inadequate infrastructure by govt

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    Ports, rail undercut by tollways
    Ean Higgins and Glenda Korporaal
    October 15, 2005

    AUSTRALIA'S ports, railways and water systems have been starved of funds because state governments have been lured into dubious private sector toll-road deals that often swallow hundreds of millions of dollars in taxpayer subsidies.

    Leading economists and transport consultants said yesterday that state governments were under increasing pressure from private companies to embark on toll-road projects, and often received lucrative upfront fees from investors keen to secure highly profitable deals.

    But those fees were usually recouped by the private investor through years of secret taxpayer-funded subsidies to ensure the toll road operated at a profit for the private party.

    The terms of the toll-road contracts, signed by state governments reluctant to run budget deficits, were almost always more favourable to the private investor and had skewed national investment in infrastructure away from other vital projects.

    Debate over private funding of public infrastructure projects was triggered when details emerged of sweeteners in the NSW Government's contracts with two consortiums building road tunnels in Sydney, in turn forcing a critical examination of similar projects around the country.

    Business Council of Australia member Rod Pearse, who chaired a BCA taskforce on infrastructure, said it was fair to ask whether the money devoted to toll roads and tunnels could have been better spent elsewhere.

    "It is essential for governments to decide exactly what they can reasonably afford, and weigh up the public and private benefits and costs," Mr Pearse said.

    His taskforce had identified a $300 billion list of roads, rail, energy generation and water infrastructure in need of "de-bottlenecking" to allow the economy to continue to grow.

    All states and territories, and the commonwealth, should adopt a co-ordinated stocktake of the nation's real infrastructure needs, said Mr Pearse, chief executive of building materials group Boral. "We have had growing pains, and responsibility for these matters is fragmented."

    In February, Reserve Bank governor Ian Macfarlane urged the Howard Government to encourage a new wave of investment around the country to remove a suite of bottlenecks in the economy, from ports to electricity production. His comments came after a campaign by The Australian.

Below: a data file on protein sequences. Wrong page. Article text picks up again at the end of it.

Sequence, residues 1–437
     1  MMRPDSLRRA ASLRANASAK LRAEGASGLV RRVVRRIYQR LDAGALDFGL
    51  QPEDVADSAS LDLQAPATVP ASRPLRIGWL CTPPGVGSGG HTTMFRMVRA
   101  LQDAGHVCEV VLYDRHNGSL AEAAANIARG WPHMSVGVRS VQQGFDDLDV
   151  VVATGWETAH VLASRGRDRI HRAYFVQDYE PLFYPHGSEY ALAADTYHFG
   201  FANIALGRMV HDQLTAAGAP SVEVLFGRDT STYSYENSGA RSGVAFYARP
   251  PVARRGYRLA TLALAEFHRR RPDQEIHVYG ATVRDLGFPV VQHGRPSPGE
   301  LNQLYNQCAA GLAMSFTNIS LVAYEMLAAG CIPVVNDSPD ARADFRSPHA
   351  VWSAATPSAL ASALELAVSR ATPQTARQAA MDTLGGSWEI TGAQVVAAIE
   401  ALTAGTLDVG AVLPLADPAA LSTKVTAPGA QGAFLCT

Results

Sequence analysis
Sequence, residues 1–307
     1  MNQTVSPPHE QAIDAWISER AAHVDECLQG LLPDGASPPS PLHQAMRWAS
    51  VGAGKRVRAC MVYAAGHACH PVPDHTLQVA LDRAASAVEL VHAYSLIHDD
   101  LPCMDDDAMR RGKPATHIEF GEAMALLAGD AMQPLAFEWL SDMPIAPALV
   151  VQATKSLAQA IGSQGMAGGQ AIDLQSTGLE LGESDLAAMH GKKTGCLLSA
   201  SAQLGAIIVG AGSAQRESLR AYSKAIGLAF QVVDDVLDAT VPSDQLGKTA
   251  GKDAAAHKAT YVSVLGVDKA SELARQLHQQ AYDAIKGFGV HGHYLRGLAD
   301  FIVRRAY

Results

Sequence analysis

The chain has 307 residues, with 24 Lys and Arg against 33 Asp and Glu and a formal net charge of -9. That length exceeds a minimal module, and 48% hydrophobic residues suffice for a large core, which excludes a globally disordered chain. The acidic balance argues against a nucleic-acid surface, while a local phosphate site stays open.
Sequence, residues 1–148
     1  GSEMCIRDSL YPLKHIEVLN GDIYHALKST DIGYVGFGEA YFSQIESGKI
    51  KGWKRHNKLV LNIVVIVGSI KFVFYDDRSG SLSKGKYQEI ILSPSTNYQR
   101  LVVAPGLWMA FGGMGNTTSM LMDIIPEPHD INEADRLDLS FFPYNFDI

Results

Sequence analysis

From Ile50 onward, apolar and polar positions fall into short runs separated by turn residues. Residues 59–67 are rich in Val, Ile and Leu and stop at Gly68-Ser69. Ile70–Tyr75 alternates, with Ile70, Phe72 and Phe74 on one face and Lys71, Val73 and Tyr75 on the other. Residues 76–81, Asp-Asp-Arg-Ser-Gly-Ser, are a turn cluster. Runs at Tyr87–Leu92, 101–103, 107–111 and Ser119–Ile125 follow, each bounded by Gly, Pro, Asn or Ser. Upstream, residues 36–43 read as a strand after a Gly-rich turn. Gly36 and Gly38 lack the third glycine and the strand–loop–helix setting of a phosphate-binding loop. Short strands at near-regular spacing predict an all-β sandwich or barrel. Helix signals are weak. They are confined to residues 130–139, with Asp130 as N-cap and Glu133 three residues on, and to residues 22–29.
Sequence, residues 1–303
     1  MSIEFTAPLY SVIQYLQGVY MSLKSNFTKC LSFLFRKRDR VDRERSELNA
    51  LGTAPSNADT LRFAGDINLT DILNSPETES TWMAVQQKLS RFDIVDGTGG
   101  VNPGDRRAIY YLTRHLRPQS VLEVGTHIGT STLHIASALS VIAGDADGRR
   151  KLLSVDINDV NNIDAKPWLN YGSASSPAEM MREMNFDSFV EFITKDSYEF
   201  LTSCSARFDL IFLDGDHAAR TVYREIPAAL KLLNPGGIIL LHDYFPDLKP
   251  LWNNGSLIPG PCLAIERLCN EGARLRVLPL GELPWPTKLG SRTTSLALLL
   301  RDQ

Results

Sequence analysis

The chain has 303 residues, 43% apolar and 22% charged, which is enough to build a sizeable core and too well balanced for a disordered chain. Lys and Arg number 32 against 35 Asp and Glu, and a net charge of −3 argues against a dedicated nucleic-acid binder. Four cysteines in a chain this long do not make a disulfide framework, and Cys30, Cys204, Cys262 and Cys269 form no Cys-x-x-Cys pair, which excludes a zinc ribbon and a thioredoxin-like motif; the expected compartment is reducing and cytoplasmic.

John Howard followed up in March, appointing Sydney Airports chief Max Moore-Wilton, economist Henry Ergas and resources bureaucrat Brian Fisher to conduct a review of bottlenecks. The panel reported in June, finding that without significant reform to the nation's infrastructure, Australia's export potential over the next five to 10 years risked being compromised.

    The NSW Government is facing the public blowtorch over the $1.1 billion Lane Cove tunnel on Sydney's north shore, which will have a $2.50 toll when it opens in 2007, and the recently completed $680 million Cross City Tunnel, which has perilously few customers paying its $3.56 toll.

    The contracts contain a series of clauses in which the state Government ensures the profitability of the project, including closing or restricting competing roads to drive traffic on to the toll roads.

    Rod Sims, director of Port Jackson Partners and a commissioner on the National Competition Council, said there were, in principle, "clear advantages in public-private sector partnerships". "But the question is whether governments are getting too greedy. You should not be closing off a lot of streets to sweeten the deal and get more money out of it."

    The winning consortium for the Cross City Tunnel, headed by Asia's richest man, Li Ka-shing, is understood to have offered the NSW Roads and Transport Authority as much as $40 million more than its rivals as an upfront fee. With the full details of the contract still to be released, how much this bumped up the price for travelling through the tunnel is unclear.

    The upfront fee the consortium paid - $105 million - is to be investigated by NSW Auditor-General Bob Sendt as part of his review of the Cross City Tunnel project contract.

    Former NSW auditor-general and economist Tony Harris said NSW could have afforded to fund all the private tollways in Sydney by imposing its own, modest 50c fee for usage, had it been willing to halve its $13 billion debt over the past 10 years rather than eliminating it altogether.

    "Road networks are a public asset and we shouldn't be parcelling them off to the private sector," he said. "Because the state is not paying for these roads - the motorist is - and the Government is in a position to make them profitable by closing roads, there may be less scrutiny of their value compared to traditional infrastructure projects such as rail and ports."

    He said toll roads were often inordinately profitable for the operator, with one enjoying a 20-fold profit. Although the arrangements had since changed, investors in some tax-favoured infrastructure investment bonds promoted by Macquarie Bank had doubled their money each year, he said.

    Brendan Gleeson, director of the Urban Research Program at Griffith University, criticised public-private sector projects for allowing private operators high profits while committing governments to step in if they failed.

    "There are enormous financial gains for the private sector from these projects, particularly given that the government always seems to have to wear the risk," he said.

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